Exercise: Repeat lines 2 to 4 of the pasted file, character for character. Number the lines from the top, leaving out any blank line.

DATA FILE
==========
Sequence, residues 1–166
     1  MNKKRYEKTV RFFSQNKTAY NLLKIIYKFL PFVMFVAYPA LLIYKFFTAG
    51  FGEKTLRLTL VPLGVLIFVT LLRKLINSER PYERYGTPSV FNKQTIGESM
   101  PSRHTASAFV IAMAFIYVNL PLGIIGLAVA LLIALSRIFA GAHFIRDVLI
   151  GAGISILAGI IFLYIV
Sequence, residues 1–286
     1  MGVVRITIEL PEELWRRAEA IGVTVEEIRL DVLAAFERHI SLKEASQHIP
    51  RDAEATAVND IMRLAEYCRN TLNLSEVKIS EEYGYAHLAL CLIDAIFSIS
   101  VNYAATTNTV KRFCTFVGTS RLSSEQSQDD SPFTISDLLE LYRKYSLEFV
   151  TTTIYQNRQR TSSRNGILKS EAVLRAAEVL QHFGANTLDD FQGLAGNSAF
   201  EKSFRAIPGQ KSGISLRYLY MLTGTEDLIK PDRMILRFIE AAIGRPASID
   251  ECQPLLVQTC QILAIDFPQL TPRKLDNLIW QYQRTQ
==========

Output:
     1  MNKKRYEKTV RFFSQNKTAY NLLKIIYKFL PFVMFVAYPA LLIYKFFTAG
    51  FGEKTLRLTL VPLGVLIFVT LLRKLINSER PYERYGTPSV FNKQTIGESM
   101  PSRHTASAFV IAMAFIYVNL PLGIIGLAVA LLIALSRIFA GAHFIRDVLI